This shows some of his main concerns as a scholar—his interest in the divine service and the role of church music, both ancient (Psalms, Chronicles) and modern, in the performance of praise, but also his love for Bach and deep respect for the Lutheran Orthodoxy (Calov) which supplied Bach’s inspiration.
Even though he is by training an Old Testament theologian, he worked at the pastoral and practical application and integration of all the classical theological disciplines. He therefore regards himself as a pastoral theologian. The focus of his research and writing has been on the divine service and on Lutheran spirituality. Thus in his commentary on Leviticus he explores how the people of God share in his holiness through their participation in the divine service. The aim of this commentary is to help missionaries who work with people in animist cultures, young people who battle against the threat of spiritual pollution, and orthodox Christians who love the Lord’s house, to discover the riches of the divine service from their study of Leviticus. While he introduces Christians to the gift of prayer in a congregational study on Prayer: we speak to God in order to encourage them to pray with boldness and confidence together with Christ, he investigates the nature and practice of evangelical piety more fully in Grace upon grace: spirituality for today. This study of the practice of receptive spirituality deals with the disclosure of Christ’s presence with us in our journey here on earth, meditation on God’s word for the reception of the Holy Spirit, prayer in the name of Jesus, vigilance in spiritual warfare, and participation in Christ’s holiness in our hidden journey through life with him.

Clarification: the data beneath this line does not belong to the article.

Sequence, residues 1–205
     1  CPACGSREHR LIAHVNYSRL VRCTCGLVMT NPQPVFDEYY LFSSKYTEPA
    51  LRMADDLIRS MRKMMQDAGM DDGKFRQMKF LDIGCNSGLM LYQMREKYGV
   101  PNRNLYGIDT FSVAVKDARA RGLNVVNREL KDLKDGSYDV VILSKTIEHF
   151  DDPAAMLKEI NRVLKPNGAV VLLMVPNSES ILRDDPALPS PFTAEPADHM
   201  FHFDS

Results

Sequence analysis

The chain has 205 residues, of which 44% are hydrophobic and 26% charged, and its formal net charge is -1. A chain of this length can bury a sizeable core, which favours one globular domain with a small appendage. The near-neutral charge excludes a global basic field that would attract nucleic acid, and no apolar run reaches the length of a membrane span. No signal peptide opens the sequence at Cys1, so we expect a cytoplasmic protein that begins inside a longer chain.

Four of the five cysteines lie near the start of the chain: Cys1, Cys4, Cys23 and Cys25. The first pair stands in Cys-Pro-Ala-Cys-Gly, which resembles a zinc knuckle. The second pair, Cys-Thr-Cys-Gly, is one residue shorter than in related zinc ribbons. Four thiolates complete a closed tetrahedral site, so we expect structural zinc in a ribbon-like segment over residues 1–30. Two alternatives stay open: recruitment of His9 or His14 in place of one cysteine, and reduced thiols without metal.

John has served the Lutheran Church of Australia in a number of official capacities. He has been a member (1983–2009) and chairperson (1993–2006) of the Commission on Worship; a member (1990–1993, 1997–2009) and vice chairperson (2003–2009) of the Commission of Theology and Inter-Church Relations; a Lutheran representative on the Australian Consultation on Liturgy (1992–2003); and a member of the Lutheran Reformed Dialogue (1982–1996) and its co-chairperson (1992–1996). His long involvement in the Commission of Worship culminated in the preparation and production with others of Church rites (edited by David Schubert, Openbook Publishers, Adelaide, 1994), Rites and resources for pastoral care (edited by David Schubert, Openbook Publishers, Adelaide, 1998), and LCA worship resources (Lutheran Church of Australia, North Adelaide, 1998–2001).